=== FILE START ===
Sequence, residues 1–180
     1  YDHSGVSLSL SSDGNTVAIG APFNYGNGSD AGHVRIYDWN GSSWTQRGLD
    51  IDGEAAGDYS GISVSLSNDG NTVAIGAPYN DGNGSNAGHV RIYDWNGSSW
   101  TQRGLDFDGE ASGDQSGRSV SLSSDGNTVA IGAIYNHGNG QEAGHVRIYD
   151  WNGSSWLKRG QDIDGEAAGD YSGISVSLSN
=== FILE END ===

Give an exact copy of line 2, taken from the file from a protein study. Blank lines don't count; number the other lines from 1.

     1  YDHSGVSLSL SSDGNTVAIG APFNYGNGSD AGHVRIYDWN GSSWTQRGLD